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Feeding the Famished O'Foodie

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Written by Peggy Fallon   
Thursday, 11 March 2010

ImageI received this assignment by default. Well, okay, maybe I sort of begged for it. St. Patrick's Day is the only time of year when my people take center stage. Both of my parents emigrated from Ireland in the 1920's, so my 5 siblings and I are first generation Americans and 100% Irish. Forget the stupid green beer, the "Kiss Me I'm Irish" buttons, the sappy music, dancing leprechauns, and spirited parades down rainy city streets. I just wanna eat (See my St. Patrick's Day menu below).

This is the day when everybody can be Irish. I can't blame all the poor unfortunates for climbing onto our bandwagon-it really is a wonderful heritage, if I do say so myself. Centuries of political oppression spawned a dark sense of humor that lives on to this day. Never mind our characteristic lack of height, predisposition toward freckles, and lifelong addiction to sunscreen. The Irish know how to party, and everybody wants a piece of the action on March 17.

Fifty years ago Irish cooking was little more than the punch line to a joke-a cuisine so scorned, it was ranked only slightly better than England's. Ireland was a poor country with a less-than-sunny climate, so its cooks merely played the hand they were dealt. Oh, the Irish enjoyed food-but no one else in the world was clamoring to eat their overcooked meat and mushy root vegetables. Salad? Huh? Dessert? How about some fruitcake? These choices weren't considered Spartan-it was just life.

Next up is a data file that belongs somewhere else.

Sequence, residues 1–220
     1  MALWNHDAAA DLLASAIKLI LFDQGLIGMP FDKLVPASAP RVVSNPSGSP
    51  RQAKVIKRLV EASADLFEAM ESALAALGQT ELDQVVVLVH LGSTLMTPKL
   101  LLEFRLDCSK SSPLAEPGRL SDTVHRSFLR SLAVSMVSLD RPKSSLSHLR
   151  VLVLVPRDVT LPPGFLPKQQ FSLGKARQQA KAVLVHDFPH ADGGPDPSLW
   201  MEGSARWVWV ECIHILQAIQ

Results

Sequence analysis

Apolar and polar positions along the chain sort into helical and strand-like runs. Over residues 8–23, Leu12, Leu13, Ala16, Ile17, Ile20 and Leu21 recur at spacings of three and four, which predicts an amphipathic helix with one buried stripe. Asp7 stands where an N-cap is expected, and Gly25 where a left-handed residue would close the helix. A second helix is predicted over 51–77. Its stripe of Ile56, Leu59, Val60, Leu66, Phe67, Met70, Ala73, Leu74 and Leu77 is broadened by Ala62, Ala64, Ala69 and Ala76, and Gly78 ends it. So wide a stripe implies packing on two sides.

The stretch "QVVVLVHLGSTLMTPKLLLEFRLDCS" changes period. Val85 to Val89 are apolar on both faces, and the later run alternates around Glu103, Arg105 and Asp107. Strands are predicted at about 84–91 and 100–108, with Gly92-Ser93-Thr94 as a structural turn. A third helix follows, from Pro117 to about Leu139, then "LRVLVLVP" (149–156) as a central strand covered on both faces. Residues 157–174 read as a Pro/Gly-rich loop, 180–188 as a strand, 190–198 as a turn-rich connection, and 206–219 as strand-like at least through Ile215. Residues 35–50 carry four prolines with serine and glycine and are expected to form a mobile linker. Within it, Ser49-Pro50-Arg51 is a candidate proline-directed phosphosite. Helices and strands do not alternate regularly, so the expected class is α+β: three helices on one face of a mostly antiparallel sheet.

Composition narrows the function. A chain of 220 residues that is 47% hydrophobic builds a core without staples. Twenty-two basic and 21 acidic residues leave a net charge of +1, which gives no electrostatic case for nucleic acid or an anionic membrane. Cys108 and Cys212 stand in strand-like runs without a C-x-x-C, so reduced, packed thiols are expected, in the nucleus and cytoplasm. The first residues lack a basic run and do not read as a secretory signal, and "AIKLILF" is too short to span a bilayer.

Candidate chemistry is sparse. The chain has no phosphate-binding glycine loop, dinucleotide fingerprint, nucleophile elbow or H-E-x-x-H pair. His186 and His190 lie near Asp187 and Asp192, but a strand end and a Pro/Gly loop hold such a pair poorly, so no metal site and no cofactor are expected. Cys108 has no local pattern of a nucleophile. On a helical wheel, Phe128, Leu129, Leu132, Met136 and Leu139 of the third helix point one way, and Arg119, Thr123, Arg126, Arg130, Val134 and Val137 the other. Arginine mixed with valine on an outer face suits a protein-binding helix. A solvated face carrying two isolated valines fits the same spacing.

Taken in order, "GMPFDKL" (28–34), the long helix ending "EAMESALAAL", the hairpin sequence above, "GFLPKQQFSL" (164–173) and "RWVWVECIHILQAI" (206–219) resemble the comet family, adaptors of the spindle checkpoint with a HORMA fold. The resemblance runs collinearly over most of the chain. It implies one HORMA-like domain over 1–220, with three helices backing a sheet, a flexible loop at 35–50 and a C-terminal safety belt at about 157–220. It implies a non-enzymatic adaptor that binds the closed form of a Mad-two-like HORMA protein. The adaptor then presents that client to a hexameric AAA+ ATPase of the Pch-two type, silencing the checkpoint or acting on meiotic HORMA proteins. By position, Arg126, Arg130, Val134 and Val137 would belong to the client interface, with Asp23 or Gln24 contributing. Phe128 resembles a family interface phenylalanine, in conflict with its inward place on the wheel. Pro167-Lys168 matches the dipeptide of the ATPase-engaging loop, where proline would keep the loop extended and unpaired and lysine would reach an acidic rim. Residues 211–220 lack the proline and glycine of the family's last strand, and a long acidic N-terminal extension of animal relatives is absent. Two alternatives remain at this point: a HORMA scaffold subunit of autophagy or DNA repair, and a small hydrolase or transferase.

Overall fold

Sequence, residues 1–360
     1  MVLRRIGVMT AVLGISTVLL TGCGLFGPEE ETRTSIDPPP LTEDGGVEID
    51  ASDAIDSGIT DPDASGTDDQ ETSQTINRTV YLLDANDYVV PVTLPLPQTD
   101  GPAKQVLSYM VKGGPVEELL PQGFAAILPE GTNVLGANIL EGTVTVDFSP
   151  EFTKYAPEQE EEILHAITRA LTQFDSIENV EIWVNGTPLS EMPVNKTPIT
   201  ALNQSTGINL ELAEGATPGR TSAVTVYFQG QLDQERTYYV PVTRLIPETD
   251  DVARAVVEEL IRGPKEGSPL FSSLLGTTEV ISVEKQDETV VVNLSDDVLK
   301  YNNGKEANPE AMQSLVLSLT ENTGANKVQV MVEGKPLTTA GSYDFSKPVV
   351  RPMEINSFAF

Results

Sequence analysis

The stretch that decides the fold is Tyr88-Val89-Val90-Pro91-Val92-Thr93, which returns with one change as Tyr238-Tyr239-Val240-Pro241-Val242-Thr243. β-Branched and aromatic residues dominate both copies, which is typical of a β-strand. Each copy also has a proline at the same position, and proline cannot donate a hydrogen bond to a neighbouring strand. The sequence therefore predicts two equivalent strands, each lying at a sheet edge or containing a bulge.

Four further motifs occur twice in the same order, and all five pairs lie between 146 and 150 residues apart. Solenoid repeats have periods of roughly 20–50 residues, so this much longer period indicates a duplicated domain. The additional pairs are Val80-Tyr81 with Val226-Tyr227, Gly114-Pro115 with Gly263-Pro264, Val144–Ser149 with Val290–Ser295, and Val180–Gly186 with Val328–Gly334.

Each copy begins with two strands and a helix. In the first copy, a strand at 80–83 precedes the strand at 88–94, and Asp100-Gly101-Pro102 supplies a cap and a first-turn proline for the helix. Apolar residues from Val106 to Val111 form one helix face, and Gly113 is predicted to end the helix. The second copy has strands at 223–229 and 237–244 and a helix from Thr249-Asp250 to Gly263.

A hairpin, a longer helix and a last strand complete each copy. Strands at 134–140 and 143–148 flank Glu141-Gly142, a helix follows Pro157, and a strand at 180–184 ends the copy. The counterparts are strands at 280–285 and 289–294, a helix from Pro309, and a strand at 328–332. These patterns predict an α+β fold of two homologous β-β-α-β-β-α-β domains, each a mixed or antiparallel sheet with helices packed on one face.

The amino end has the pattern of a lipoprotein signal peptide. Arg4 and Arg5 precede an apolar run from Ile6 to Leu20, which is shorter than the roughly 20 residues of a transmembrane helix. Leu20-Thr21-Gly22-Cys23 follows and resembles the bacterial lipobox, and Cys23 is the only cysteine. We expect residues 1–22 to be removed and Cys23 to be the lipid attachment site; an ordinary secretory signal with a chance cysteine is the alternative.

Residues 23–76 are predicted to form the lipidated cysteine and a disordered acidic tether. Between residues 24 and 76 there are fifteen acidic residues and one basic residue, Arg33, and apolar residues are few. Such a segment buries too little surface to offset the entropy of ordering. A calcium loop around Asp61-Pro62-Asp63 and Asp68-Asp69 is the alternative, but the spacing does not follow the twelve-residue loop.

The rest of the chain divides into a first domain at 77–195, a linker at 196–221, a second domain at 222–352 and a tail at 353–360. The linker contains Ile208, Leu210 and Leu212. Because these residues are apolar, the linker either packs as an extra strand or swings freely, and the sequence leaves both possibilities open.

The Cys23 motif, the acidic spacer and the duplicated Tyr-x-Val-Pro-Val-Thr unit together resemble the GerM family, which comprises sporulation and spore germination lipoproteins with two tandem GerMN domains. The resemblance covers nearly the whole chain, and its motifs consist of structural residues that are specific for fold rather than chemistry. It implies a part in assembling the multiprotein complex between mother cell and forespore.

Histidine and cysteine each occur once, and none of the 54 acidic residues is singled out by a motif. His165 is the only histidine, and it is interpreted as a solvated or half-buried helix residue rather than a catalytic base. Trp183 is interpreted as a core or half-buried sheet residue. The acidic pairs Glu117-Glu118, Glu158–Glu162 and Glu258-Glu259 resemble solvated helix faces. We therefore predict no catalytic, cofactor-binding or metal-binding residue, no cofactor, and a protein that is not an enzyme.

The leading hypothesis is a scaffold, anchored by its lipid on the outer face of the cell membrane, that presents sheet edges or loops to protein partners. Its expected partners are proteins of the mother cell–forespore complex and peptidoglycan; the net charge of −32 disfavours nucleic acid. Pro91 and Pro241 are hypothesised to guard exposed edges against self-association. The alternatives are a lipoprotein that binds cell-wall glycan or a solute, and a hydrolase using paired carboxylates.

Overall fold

My parents were a product of that era, so that is pretty much the food I grew up on. (Don't even get me started on dulse, my family's answer to Beluga caviar.) While other kids in our neighborhood popped strange tart-like things into the toaster and slurped their way through bowls of sugary American cereal, breakfast at our house was often crisp bacon and soft-boiled eggs (served in egg cups, of course), mopped up with Mom's raisin-studded Irish soda bread and washed down with steaming hot cups of tea- made kid-friendly with plenty of milk and sugar. In retrospect we were incredibly fortunate, though at the time friends viewed our meals as freakishly quaint.

A talent for making decent libations was about the only thing that earned the Irish a spot on the culinary map. Maybe this is why Americans invented their own misguided version of what Irish food should be: corned beef boiled-to-death with spuds and smelly cabbage. I suppose if you drank enough, you might even enjoy it.

But sometimes time heals all ills. A generation-or-two ago the economy of Ireland began to thrive. The young became well educated and well traveled, and suddenly a big ol' pot of greasy lamb stew was no longer the solution to every entertaining dilemma. Food magazines began to celebrate the natural bounty of Ireland-organically grown vegetables; artisan cheeses; free-range meats; and fish plucked from clean waters. Suddenly farmhouse cuisine was chic. Even soda bread got some respect. Irish chefs became sophisticated locovores, and their country has now become a destination for world-class food.